Some phonological aspects of Palm Island Aboriginal English : A study of the free conversational speech of four Aboriginal children on Palm Island Aboriginal Settlement in North Queensland

Dutton, Thomas Edward (1964). Some phonological aspects of Palm Island Aboriginal English : A study of the free conversational speech of four Aboriginal children on Palm Island Aboriginal Settlement in North Queensland Honours Thesis, School of English, Media Studies and Art History, The University of Queensland.

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Author Dutton, Thomas Edward
Thesis Title Some phonological aspects of Palm Island Aboriginal English : A study of the free conversational speech of four Aboriginal children on Palm Island Aboriginal Settlement in North Queensland
School, Centre or Institute School of English, Media Studies and Art History
Institution The University of Queensland
Publication date 1964
Thesis type Honours Thesis
Supervisor E.H. Flint
Prof A.C. Cawley
Total pages 550
Language eng
Subjects 420100 Language Studies
170204 Linguistic Processes (incl. Speech Production and Comprehension)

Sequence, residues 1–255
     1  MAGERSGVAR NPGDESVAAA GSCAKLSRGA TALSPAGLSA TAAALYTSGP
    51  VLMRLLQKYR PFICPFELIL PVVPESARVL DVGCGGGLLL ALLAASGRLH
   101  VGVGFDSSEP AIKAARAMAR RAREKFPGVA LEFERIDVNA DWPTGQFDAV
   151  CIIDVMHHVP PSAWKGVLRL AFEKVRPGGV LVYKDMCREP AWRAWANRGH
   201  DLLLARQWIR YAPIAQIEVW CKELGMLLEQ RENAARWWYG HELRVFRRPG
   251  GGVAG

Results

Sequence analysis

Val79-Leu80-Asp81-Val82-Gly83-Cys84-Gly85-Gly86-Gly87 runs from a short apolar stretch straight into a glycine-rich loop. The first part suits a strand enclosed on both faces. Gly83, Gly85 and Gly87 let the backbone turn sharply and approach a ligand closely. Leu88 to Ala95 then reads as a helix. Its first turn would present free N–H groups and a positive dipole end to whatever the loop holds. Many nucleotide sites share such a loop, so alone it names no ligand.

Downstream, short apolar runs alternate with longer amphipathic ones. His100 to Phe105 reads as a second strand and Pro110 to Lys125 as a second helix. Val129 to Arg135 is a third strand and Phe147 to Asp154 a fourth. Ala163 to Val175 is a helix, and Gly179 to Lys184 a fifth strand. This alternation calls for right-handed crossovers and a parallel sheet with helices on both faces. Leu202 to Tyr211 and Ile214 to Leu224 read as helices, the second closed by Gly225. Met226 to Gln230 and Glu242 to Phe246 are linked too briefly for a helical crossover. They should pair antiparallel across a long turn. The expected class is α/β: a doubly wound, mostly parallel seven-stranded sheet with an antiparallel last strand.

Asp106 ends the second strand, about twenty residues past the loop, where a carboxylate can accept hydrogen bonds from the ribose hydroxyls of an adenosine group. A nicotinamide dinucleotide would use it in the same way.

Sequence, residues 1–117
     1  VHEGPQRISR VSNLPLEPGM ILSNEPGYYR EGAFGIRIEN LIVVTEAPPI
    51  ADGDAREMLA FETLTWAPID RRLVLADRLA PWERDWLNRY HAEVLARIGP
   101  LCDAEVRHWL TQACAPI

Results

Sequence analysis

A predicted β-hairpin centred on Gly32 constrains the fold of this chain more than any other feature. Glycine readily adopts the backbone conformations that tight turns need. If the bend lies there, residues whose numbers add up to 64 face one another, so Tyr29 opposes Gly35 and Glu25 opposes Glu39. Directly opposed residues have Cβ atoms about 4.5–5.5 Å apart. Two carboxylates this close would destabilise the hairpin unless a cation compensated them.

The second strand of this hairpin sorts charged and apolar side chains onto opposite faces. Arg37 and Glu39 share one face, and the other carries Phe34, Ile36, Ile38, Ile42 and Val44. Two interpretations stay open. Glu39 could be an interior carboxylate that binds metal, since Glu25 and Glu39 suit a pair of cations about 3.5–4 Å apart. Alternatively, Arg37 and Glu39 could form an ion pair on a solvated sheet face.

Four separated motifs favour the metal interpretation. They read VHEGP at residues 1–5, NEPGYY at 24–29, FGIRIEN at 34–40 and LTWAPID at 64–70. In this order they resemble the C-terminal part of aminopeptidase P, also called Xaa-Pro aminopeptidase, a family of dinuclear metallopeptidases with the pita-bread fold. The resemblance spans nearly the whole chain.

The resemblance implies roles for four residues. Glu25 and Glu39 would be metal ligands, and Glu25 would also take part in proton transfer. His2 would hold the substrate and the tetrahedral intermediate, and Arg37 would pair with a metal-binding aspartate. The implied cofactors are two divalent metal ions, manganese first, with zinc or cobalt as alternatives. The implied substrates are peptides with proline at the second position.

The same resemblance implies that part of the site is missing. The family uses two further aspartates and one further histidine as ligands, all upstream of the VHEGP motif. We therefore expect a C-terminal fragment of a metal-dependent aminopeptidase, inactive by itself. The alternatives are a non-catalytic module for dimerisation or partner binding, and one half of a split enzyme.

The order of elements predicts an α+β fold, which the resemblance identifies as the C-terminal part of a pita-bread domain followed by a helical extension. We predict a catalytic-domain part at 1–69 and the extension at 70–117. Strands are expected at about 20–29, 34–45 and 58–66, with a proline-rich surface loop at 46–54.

Formatted abstract

Outline of research

This study was carried out within the framework of the Queensland Speech Survey.

It is the second of a series of scientific investigations into the varieties of English used by aboriginals in Queensland.

The present study analyses and describes in detail the phonological characteristics of the informal English speech of a group of four male informants, aged between twelve and fourteen years, on Palm Island Aboriginal Settlement in North Queensland.

This speech is described as a hierarchically structured system of interrelated units: phonological phrase, phonological word, syllable, and phoneme.

Other higher level phonological features of intonation, pause, rhythm, length and tempo of articulation and voice quality are also considered in relation to this system.

In addition, this dissertation discusses the effects of these characteristics on the intelligibility of the speech of these aboriginal informants for the non-aboriginal Australian listener.  ..............................

Keyword English language -- Phonology
English language -- Syllabication
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